Friday, June 25, 2010

Iceland: Final 411, The journey home and The aftermath

First here's the photo gallery.

Emptying the notebook of Icelandic info:

• There are 90,000 horses in Iceland, according to one tour guide. There are 110,000-120,000 horses according to another. Horses cannot return to Iceland once they leave and neither can their equipment or even a saddle. Icelandic horses, which are small, have been so genetically isolated for hundreds of years that they cannot risk any "contamination."

• There are between 500,000 and 600,000 sheep. The worst thing you can be called in Iceland is a "sheep stealer." It's so bad in Icelandic that our guide didn't even say the Icelandic word. This is because back in the Viking days, sheep were a family's sustenance (clothes and food). So if you killed/stole a sheep you fucked an entire family, hence why that was death penaltyable or exile.

• Volcanoes erupt every four years on average, so I'll have another chance to see an erupting volcano in Iceland. I need to time my return trip around one. And I WILL DEFINITELY BE BACK.

• Half of Icelandic women are genetically linked to Irish/Scottish women because of old Viking days. Vikings stopped in IRL/SCOT on way to Iceland and pillaged and murdered men and then brought women to Iceland. Hence why you see some Icelandic redheads.

• Swimming is the favourite physical activity of most Icelanders. They love it. There are public pools all over Reykjavik.

• In Reykjavik people get the day off in the summer if it's 25 degrees centigrade.

• If you want to get noticed as a Californian wear an Amoeba Music hoodie. I got recognized by three Californians in 15 minutes while wearing one Saturday night in a bookstore. I had to explain myself to the person I was with.


The journey back to the States:

Shortly after getting to Keflavik Airport I see a sign promoting that Keflavik was voted Europe's number one airport in 2009. As someone in dire need of nail clippers to declaw myself I would say that ranking is crap. No place sold nail clippers, but I had my choice of several places selling Topas or Opal (the cough-medicine-tasting Icelandic liquers).

Oh well, once we board the plane (already running a few minutes behind) we end up sitting on the tarmac. After noticing we're 30 minutes behind, guy behind me says that he's getting a little nervous because he's got someone planning to pick him up in Seattle and no way to tell them that we're going to be late.

"We'll be fine," I offer reassuringly. "We'll make up the time in the air. They do that all the time."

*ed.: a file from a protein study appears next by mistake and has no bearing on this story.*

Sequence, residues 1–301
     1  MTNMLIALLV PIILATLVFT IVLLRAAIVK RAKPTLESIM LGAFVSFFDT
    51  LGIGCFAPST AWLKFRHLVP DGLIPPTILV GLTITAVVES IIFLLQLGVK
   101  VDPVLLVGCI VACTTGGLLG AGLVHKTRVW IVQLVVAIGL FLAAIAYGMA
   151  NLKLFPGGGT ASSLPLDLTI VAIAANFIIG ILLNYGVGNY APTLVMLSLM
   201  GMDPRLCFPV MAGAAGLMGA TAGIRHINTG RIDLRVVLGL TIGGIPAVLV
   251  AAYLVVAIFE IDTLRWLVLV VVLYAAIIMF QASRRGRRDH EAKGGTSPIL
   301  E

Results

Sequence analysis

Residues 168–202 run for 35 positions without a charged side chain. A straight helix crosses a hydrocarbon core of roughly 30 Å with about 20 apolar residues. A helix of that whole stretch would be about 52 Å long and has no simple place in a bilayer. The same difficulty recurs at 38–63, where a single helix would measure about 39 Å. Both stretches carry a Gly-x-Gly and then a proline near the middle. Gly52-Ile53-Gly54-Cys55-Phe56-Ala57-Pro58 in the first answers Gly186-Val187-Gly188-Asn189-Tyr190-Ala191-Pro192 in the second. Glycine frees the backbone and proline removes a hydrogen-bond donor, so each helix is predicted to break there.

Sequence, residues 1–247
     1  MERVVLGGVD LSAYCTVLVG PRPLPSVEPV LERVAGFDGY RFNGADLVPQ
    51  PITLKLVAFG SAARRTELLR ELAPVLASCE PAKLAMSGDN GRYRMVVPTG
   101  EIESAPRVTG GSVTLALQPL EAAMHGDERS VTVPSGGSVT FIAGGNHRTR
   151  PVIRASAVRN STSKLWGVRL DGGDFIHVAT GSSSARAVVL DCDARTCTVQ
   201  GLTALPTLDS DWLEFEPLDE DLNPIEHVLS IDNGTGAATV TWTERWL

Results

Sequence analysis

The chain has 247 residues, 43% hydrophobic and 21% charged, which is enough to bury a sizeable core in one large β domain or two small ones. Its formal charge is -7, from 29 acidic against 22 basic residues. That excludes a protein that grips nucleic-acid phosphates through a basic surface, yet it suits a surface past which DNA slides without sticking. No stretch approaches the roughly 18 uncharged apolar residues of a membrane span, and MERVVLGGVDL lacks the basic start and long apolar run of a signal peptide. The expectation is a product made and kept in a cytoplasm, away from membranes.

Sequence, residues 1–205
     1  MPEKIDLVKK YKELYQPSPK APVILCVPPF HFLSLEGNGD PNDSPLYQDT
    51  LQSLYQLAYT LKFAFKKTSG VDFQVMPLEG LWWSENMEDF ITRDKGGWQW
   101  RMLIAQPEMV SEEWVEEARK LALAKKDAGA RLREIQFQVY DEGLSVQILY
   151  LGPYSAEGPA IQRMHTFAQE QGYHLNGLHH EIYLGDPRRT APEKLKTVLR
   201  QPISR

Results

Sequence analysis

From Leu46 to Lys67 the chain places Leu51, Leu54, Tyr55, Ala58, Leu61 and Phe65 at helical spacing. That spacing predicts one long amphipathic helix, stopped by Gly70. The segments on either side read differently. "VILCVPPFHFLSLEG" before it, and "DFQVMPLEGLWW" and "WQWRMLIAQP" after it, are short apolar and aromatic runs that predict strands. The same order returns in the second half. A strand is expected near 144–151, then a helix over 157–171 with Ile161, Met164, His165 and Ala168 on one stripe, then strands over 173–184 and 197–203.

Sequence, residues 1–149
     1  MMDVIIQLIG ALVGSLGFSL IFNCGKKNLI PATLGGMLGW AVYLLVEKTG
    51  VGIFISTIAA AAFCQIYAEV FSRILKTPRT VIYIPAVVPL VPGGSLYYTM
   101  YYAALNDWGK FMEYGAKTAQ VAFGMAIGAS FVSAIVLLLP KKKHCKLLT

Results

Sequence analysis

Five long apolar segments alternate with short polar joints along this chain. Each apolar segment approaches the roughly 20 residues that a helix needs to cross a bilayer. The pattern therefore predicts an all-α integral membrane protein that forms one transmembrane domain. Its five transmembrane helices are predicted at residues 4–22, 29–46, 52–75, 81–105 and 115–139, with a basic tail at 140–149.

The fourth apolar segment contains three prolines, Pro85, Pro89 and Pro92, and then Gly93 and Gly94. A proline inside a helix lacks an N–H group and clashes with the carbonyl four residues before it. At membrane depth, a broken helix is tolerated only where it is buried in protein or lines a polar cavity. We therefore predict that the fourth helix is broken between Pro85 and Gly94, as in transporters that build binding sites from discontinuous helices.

"Are you sure?"

"Well, no. I am just a passenger, but I'm not crazy, right?" as I look to other passengers to nod in agreement. They do.

We soon learn that we're late taking off, because we're waiting for someone connecting from Europe. That person's plane landed in Iceland late and since this is the last flight to Seattle for another 24 hours, Iceland Air opted to wait for said passenger. There are some groans, but mostly I feel like this is a cool thing, trying to imagine what if that were me.

Eventually we get off the ground 45 minutes late. Fortunately on this flight my in-seat entertainment system works so I watch two episodes of Pressa (an Icelandic television show about a tabloid newspaper that actually treats reporters intelligently). I also monitor the plane's progress on any of the half-dozen maps that allow me to do that. I notice that the one noting our time to destination never seems to indicate that we're doing anything to make up even a minute of our late departure and the flight crew hasn't said anything about that either. Suddenly I wish I was on an American airline.

At 6:30 p.m. PDT we land in Seattle-Tacoma International Airport (Sea-Tac). My 105-minute layover, which allowed for plenty of time through Customs and perhaps a bathroom break and quick snack, is now just 60 minutes. And I'm in the second last row of a plane full of people who totally ignored the flight attendants' request to let passengers with tight layovers (me) go first. But after spending nearly eight hours in a flying tin can, I can't even begrudge those people.

6:42 p.m. I finally disembark. I now have 48 minutes to go through Customs, have my bag checked again, check my bag in again, go through security again and figure out where in the hell or Sea-Tac I'm supposed to go to catch my flight to L.A. I notice that my flight is of course ON TIME.

6:46 p.m. Customs Cattle Call. "If you have a U.S. or Canadian passport and are a citizen of either country please go to 'area 4.' Everyone else please go to areas 1, 2 or 3." Area 4 has as many people as areas 1 and 2 combined. I cannot even get into the official bank-style, velvet-roped line of Area 4, and neither can another two dozen people also overflowing from the Area 4 waiting area.

6:48 p.m. I am going to miss my flight. Oh well, at least I have a laptop and a phone and my friend Derek in Seattle, who I can try to call.

6:49 p.m. WHOOOOOOO! They open up Area 5 for U.S. and Canadian citizens and those of queuing up outside of the official Area 4 waiting line are now at the front of the Area 5 line. Perhaps I'll make it?

6:55 p.m. (35 minutes until departure). I am next in line to go through passport check. Meanwhile, three people have been pulled out of our line because they're "residents" not "citizens" and need to be walk to areas 1, 2 or 3. So here's the set up. The passport check stations are like bank tellers. There's a five-foot wide lane we're supposed to wait behind until called before we approach the agent, just like a bank. The person with the customs agent finishes just as the three "residents" start walking out of the Area 5 line. "Go, you're next!" a woman a few people behind me in line agitatedly instructs me. I wait because if I stepped forward at this point, I literally would have walked into the people leaving Area 5. "You're next. Go. Now. Move," most-impatient-woman-in-the-world says.